Singapore’s anti-smoking TV ads
Anti smoking ads use shock and awe
strategy in Singapore upsetting
BY A CORRESPONDENT
29 March, 2007
March 29, 2007: Singapore has
rescheduled the screening time of its
anti-smoking advertising campaign on
television following a deluge of
complaints from parents that the
advertisements are too shocking and
disturbing for children.
Indeed, the advertisement was intended
to shock, and shock it did.
In one of the advertisements of the
government-run Health Promotion Board,
a sunken-eyed woman with cracked lips
and brownish, deformed teeth appears
under the headline: ‘Quitting is hard.
Not quitting, is harder.’ The
advertisement will now only be aired
from 8 p.m., when youngsters are less
likely to be watching television.
The 30-second television commercial,
first aired on all the four main
language channels last week, is a
graphic depiction of a woman afflicted
with oral cancer. The camera zooms in
on a tight shot of her face with a
diseased tongue, decaying teeth and
chapped lips, riddled with sores.
Health Promotion Board’s chief
executive Lam Pin Woon clarified that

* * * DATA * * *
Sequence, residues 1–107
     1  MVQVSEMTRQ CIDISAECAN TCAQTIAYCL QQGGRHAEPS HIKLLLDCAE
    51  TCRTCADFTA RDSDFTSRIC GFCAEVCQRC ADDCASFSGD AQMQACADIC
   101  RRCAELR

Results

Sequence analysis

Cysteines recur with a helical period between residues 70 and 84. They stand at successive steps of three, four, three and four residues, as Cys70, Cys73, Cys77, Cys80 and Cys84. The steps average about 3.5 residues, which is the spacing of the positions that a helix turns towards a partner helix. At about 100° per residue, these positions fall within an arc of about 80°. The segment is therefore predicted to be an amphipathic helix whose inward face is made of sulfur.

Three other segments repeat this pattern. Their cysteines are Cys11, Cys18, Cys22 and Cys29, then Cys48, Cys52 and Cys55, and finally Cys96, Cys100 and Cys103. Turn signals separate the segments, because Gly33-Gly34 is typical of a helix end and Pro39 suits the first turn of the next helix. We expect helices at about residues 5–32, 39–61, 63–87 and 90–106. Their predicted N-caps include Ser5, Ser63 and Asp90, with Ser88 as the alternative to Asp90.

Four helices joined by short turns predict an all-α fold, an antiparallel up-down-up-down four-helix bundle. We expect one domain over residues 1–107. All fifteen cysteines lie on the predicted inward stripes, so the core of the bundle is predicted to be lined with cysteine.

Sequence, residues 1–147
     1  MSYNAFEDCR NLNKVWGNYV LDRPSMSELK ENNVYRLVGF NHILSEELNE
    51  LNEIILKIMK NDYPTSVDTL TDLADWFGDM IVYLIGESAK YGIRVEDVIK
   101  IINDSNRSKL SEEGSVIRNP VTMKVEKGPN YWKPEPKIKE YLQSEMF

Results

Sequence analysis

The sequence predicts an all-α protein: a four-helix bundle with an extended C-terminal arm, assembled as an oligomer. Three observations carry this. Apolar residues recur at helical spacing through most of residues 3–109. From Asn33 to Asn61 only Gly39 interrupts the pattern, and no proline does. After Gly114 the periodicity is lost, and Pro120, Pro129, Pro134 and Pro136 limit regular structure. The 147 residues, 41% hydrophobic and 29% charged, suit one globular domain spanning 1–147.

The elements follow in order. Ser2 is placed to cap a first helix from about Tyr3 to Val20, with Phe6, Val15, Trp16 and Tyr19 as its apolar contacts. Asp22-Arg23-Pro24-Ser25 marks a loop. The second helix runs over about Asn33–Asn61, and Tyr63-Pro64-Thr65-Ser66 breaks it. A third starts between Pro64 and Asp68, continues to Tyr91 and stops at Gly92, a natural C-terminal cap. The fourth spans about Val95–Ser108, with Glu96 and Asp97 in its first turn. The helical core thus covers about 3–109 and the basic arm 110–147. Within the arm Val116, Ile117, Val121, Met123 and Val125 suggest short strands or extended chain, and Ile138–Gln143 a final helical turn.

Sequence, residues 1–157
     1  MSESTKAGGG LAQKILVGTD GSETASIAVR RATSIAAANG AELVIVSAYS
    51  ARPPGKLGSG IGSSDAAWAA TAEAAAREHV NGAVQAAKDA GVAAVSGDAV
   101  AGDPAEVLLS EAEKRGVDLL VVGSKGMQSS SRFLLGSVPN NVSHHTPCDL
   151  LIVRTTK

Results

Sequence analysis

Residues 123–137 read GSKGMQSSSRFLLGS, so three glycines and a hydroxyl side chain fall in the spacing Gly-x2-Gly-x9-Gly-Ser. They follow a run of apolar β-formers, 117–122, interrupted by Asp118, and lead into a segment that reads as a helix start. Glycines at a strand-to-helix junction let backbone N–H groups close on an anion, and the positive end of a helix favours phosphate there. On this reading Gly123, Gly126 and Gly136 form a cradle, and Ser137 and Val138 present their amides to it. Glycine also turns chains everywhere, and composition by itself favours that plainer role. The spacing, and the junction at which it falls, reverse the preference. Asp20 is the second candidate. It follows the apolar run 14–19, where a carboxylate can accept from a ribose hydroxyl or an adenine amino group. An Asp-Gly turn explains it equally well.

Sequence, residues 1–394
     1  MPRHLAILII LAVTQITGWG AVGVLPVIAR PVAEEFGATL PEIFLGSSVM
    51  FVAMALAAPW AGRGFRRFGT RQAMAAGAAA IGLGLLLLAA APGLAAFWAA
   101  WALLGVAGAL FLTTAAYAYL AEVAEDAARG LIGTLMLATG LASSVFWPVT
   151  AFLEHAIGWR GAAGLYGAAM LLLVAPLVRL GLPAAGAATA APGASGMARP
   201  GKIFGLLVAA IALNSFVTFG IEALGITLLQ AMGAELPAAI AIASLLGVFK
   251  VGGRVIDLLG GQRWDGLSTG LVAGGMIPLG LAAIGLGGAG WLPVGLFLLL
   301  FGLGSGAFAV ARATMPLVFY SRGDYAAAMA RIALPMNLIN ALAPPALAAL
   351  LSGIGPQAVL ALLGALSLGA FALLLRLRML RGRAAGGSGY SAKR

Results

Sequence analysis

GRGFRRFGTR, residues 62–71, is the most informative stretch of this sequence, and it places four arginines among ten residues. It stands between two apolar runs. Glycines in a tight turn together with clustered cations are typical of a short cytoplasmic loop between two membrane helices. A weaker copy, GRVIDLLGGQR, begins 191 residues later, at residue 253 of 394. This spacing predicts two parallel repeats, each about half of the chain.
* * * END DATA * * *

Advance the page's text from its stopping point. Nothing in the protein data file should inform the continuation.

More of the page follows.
the Board has reviewed and revised the
advertising timing and channels to
minimise causing any alarm to young
One woman had complained that her
nine-year-old daughter was so
traumatised by the commercial the
first time she saw it that she had a
nightmare that night. The girl woke up
at 3 a.m. screaming, her mother said.
However, the preliminary results of
the advertisement seemed to prove the
strength of the shock tactics.
According to the Health Promotion
Board, since the launch of the
three-month-long Smoking Control
Campaign on March 20, 2007, the Health
Promotion Board’s toll-free smoking
QuitLine (1800-4382000) has had a
five-fold rise in the number of calls.
Even as about 70% to 80% of the email
feedback that the Health Promotion
Board received about the ad campaign
has been positive, it is ensuring that
other advertising channels such as bus
shelter boards are situated away from
childcare centres and primary schools.
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The second phase of the anti-smoking
campaign by the Health Promotion Board
will begin in May 2007. The city-state
of Singapore has banned smoking in
most public places.